Mary: my mother and yours

This past weekend St. Peter’s Square was full with those who came to celebrate Mary as a model of faith and their spiritual mother. This gathering, and the fact that October is the month of the rosary, provide us with a chance to reflect on the importance of Mary in Catholic spirituality.

At World Youth Day in Rio this past July, one of the young people at a catechetical session I taught, asked the question, “Why do we as Catholics honor Mary?”

The reason we believe Mary is the greatest saint is that she perfectly fulfilled Jesus’ description of what it means to be a faithful disciple, when he said, “If any want to become my followers, let them deny themselves and take up their cross and follow me” (Matt 16:24-25).

Mary gave us the perfect example of this when she accepted God’s invitation to become the mother of Jesus, without knowing how the Father’s plan would unfold. Little did she know or fully understand her unique role in salvation history or all that her Son would encounter.

Thirty-three years later, as Jesus hung upon the cross and Mary’s heart was pierced with sorrow and grief, Jesus gave his mother to John, the beloved disciple, saying, “Woman, here is your son.” Then he said to the disciple, “’Here is your mother.’ And from that hour the disciple took her into his own home” (John 19:26-27).

This gift of Mary as our mother is a key part of her relationship with us. She is not just our model; she is more, she is our mother.

The Church has always seen John, the beloved disciple, as representing all believers, and it is for this reason that Mary is seen as our spiritual mother. As we all hopefully know from our own mothers, they sacrifice for us, patiently guide us, protect us and comfort us. In a word, they love us, and this is what Mary does.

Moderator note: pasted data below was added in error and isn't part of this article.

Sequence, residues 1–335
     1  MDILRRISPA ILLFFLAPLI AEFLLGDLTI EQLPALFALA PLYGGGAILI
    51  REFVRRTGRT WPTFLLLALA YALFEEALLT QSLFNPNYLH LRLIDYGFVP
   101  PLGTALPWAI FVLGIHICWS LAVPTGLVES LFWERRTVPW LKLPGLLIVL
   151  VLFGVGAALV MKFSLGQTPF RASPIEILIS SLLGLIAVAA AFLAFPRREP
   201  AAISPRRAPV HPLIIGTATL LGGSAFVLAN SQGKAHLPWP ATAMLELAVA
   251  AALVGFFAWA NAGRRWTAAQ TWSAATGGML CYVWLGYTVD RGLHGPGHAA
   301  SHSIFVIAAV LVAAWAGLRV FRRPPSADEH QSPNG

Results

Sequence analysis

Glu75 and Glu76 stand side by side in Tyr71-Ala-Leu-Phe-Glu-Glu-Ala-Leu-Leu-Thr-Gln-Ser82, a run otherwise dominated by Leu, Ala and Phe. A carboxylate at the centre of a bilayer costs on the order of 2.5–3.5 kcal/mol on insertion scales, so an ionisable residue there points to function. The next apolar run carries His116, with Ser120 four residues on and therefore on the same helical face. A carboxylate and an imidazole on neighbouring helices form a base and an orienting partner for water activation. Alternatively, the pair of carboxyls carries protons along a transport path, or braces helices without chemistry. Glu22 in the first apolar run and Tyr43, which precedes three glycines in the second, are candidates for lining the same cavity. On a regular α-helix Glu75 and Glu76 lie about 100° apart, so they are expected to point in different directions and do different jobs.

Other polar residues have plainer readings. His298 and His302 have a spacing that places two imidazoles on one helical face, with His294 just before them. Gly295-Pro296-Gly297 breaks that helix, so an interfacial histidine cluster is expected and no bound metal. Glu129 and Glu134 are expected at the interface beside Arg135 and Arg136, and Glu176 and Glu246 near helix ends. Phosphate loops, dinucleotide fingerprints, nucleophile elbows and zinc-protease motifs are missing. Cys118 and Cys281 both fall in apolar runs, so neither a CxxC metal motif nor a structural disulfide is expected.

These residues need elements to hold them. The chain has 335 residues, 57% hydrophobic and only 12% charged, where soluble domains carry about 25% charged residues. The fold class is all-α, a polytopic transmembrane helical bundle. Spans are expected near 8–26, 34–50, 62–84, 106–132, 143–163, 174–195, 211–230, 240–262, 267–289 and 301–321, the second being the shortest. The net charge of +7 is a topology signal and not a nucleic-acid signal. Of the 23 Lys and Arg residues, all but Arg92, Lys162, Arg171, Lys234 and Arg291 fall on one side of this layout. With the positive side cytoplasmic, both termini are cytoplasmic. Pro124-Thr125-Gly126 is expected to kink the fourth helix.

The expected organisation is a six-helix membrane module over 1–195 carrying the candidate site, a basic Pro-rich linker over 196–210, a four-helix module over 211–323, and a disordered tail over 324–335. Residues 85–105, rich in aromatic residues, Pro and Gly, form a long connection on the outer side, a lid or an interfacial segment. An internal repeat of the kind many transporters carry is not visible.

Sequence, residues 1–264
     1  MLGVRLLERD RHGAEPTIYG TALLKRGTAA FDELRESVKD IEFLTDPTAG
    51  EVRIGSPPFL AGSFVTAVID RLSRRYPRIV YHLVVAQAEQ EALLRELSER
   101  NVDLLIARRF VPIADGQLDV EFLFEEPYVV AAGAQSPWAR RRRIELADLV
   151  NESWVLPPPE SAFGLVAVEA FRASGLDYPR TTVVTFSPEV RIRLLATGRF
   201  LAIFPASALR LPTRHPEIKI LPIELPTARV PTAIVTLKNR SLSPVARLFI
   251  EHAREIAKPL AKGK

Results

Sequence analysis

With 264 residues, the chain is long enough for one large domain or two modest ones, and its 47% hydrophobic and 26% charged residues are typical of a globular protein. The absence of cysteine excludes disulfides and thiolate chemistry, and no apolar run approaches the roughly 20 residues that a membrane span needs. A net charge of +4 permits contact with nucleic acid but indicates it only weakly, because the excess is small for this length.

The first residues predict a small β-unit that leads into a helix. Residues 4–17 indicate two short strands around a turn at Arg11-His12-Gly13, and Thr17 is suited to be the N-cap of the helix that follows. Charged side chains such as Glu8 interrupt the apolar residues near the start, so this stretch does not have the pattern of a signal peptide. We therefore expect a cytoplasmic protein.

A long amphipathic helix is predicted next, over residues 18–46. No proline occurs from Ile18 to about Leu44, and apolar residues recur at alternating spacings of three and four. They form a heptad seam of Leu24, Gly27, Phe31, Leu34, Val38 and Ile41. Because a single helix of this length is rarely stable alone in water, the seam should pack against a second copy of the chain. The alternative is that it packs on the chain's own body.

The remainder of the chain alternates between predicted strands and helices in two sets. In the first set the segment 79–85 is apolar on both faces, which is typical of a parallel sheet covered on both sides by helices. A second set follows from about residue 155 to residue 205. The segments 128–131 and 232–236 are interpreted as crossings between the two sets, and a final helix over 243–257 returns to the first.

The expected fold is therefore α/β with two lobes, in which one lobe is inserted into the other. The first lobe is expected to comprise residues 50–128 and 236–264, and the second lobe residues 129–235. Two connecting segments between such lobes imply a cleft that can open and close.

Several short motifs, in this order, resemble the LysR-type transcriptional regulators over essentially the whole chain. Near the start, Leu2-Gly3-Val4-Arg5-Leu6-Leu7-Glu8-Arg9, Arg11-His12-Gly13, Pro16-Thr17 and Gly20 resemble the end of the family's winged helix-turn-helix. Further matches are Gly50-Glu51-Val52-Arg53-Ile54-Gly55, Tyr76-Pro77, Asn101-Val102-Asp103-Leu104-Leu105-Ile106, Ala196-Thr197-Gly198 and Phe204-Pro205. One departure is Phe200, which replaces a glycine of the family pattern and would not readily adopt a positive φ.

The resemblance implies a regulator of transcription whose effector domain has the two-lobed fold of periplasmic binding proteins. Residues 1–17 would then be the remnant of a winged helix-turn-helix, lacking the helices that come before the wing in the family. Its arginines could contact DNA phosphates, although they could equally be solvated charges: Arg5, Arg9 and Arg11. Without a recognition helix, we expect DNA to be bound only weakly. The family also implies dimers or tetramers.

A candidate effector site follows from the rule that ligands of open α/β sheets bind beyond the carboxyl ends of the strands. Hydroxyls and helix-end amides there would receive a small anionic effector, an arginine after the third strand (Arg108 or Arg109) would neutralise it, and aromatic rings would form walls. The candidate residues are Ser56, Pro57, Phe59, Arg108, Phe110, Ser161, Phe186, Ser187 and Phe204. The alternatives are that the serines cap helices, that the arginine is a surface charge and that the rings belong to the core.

In my own faith journey this has become more evident to me in visiting the shrines of Mary, especially Our Lady of Guadalupe in Mexico and Lourdes in France. As I read the stories of both apparitions, Mary’s tender love for Juan Diego and the Aztec people came alive to me. Each time I gaze on her image, I hear her call to me, “my little son.” Her deepest desire for me is that I come to know and love her Son and that she leads me to him. This is why, on the day of my installation as archbishop of Denver, I consecrated and entrusted my ministry here to Our Lady of Guadalupe.

When Pope Francis celebrated the Marian Day this past weekend, you could see that he knows the Mother of God as his mother. His devotion to Mary has always been strong, and it has been apparent since his election as pope, in his quiet trips to the Basilica of St. Mary Major in Rome and in his love for Our Lady of Lujan in Argentina.

Blessed John Paul II was also known for his devotion to the Blessed Mother, and his love for Mary was present during the Oct. 12-13 celebration in a hidden way.

The statue that was in St. Peter’s Square this past Saturday and Sunday was the famous image of Our Lady of Fatima. This specific statue is significant because it is tied to the appearances of Mary in Fatima, Portugal, in 1917 and to the attempted assassination of Blessed John Paul II.

On May 13, 1981—the Feast of Our Lady of Fatima—Mehmet Ali Agca shot Blessed John Paul II as he made his way through St. Peter’s Square in the popemobile. The assassin’s bullet missed the Holy Father’s vital organs but did cause him serious injury.

Afterward, the pope was convinced that Mary was present in the square and protected him from dying.

Blessed John Paul II showed his gratitude to Our Lady by taking a fragment of the bullet that hit him to Fatima and placing it in her crown. This is the same statue that was present when Pope Francis celebrated Mass and entrusted the world to Mary on Sunday.
John Paul II also had the mosaic of Our Lady Mother of the Church placed high above St. Peter’s Square in one of the windows of the Apostolic Palace.

The Holy Father explained that he chose the image of Mary as Mother of the Church because “the Mother of God has always been united with the Church and has been particularly close during difficult moments in its history.”

For Catholics, Mary is both a model of faithful, trusting surrender to God’s plan and our mother. The Year of Faith has emphasized the importance of believing, and we too will be blessed the more we believe and place our faith in Jesus.

I encourage everyone in the archdiocese to turn to Our Lady during this month of the rosary and ask her to pray that we grow in faith, confident in her motherly protection and guidance for us. If you have not done so, I encourage you to consecrate yourself to Mary, as she will always lead you to the heart of the Trinity.

COMING UP: Care for Her Act: A common-sense approach to caring for women and their babies